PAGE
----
This is a survival instinct which is deeply ingrained in chickens, and is responsible for them achieving absolute top speed.

In the wild, chickens will flee when they detect the presence of a predator. Even in captivity, chickens can sense danger from an approaching animal (or human!) and will run or fly away as fast as possible if they can.

Chickens may also run for it when they are alarmed by a loud noise or are startled by sudden, explosive movement, especially overhead movement.

This is more likely in nervous or “flighty” breeds, but all chickens will when scared badly enough!

Chickens are also known to get into fights with one another, and this is especially true of roosters that are establishing who the top bird is.

Chickens may also fight with a different breed or sometimes flockmates over personal space or resources like food and water. If you see a chicken dashing at or running away from a pursuing one, you’ll know the fight is on.

Chickens Will Also Sprint to Get to Food or Reach You

Chickens don’t always run over serious or scary reasons: sometimes they are running for a “good” reason.

Exhibit A is food: chickens are highly food motivated, and every keeper knows the joys of watching a flock run full speed to you when they hear their “dinner bell”. They will also sprint to be the first in line when treats are being handed out!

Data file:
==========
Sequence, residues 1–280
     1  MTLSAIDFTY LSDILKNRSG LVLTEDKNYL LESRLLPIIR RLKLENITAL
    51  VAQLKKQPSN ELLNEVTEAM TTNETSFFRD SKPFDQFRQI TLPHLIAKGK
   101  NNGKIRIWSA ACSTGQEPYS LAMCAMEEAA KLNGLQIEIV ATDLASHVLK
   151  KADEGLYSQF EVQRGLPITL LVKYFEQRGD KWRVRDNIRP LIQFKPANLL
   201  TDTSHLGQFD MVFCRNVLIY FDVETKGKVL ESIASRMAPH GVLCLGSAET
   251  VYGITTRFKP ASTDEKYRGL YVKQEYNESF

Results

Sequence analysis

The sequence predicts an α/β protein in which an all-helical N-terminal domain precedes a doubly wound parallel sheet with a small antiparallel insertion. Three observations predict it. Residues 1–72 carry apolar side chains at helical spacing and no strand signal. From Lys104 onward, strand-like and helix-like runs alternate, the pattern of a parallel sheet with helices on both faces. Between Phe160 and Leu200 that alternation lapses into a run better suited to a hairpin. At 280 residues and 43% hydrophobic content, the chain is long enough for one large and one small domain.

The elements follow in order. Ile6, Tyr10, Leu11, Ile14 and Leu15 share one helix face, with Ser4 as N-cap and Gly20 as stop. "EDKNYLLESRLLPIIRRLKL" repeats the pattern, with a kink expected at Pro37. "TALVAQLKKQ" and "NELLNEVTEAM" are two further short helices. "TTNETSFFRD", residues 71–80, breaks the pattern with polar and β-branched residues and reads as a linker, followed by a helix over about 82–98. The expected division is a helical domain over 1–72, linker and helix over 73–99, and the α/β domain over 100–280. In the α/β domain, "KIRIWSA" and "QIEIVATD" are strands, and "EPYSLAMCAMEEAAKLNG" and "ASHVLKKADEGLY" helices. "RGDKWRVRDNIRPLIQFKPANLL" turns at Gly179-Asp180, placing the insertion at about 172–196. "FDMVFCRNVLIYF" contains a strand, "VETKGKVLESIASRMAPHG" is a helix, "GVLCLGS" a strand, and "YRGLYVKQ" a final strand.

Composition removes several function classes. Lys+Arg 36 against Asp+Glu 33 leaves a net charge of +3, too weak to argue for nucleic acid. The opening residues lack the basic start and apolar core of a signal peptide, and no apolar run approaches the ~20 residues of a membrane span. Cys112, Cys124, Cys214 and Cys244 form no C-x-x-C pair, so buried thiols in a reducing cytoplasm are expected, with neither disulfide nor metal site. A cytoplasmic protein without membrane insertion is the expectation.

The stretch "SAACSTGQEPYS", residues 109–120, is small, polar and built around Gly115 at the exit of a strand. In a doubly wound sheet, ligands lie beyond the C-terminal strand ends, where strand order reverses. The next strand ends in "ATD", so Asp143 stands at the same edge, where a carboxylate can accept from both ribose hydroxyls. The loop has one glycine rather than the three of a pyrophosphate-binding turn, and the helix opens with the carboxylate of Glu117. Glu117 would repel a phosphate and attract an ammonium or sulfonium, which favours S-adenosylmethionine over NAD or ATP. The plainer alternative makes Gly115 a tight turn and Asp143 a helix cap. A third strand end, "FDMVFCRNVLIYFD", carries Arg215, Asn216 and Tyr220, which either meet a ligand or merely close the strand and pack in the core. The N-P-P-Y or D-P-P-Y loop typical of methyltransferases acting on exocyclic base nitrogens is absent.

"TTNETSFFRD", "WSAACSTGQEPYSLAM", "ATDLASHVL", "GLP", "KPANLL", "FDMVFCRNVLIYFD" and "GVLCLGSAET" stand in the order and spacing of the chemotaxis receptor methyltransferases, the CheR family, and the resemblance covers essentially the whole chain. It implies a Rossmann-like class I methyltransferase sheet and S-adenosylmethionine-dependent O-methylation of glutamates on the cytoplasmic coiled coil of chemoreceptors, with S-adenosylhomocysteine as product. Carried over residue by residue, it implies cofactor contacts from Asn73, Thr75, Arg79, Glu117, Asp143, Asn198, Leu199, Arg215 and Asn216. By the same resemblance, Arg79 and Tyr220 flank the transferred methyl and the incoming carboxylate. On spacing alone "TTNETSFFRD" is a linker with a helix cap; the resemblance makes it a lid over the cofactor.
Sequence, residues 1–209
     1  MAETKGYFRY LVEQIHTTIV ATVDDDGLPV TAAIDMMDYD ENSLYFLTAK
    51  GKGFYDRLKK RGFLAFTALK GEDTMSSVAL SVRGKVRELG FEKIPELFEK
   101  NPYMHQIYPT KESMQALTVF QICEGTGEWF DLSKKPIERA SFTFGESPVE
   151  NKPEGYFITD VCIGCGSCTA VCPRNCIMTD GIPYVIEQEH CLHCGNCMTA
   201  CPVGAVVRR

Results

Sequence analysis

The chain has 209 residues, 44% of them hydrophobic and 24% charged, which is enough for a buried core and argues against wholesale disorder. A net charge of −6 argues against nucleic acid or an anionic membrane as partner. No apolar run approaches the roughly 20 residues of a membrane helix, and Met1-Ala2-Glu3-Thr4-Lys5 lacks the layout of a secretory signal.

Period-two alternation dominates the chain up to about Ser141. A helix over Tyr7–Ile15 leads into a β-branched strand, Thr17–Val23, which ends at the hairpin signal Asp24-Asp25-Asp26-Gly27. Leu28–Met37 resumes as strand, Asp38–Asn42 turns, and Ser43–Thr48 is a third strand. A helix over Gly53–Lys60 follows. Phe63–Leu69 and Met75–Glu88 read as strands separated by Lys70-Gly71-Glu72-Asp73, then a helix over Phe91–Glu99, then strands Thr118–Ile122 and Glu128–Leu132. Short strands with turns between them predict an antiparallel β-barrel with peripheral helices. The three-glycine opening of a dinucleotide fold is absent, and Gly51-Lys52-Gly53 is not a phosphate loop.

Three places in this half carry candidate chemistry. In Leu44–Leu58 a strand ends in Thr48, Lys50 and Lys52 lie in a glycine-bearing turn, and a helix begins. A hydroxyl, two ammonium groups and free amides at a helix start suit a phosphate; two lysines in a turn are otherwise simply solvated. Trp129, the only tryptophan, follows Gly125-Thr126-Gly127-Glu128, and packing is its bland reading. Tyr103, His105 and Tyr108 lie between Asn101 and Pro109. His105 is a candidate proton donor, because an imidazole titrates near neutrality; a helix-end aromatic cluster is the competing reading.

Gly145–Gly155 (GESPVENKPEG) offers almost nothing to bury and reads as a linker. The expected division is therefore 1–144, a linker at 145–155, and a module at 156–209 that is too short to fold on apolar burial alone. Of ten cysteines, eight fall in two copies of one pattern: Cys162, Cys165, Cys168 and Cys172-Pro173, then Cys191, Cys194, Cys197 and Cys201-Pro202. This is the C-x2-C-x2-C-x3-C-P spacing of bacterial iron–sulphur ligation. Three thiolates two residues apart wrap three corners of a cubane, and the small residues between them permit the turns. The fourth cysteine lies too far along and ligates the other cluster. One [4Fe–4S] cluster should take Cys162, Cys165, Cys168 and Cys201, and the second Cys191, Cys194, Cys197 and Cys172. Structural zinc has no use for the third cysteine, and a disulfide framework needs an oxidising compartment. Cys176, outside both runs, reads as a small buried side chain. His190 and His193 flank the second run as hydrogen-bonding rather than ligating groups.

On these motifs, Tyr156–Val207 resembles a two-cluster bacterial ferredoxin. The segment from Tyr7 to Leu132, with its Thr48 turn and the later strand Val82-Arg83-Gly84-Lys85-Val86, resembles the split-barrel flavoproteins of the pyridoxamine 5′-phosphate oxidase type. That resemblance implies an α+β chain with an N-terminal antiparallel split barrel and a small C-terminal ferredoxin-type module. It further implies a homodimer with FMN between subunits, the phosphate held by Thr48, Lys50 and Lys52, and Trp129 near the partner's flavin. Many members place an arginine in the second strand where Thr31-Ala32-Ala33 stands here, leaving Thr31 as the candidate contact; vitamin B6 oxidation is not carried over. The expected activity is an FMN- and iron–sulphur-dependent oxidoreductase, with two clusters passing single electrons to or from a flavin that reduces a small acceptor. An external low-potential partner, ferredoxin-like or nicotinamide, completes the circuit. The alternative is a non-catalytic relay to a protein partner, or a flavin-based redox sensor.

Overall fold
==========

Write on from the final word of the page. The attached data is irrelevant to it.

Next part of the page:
Chickens are likewise able to recognize their favorite people and will often run over for extra attention or treats.

If a chicken establishes that you are a reliable source of affection (or treats) then it may come running to you whenever they see you.

Chickens Might Flap Along the Ground as They Run

Some chickens run fairly gracefully along the ground: wings back, head lowered, tail straight.

But some chickens run “ugly”, flapping and fluttering along the ground while they run, perhaps using their wings to help them achieve greater speed or balance to keep themselves going.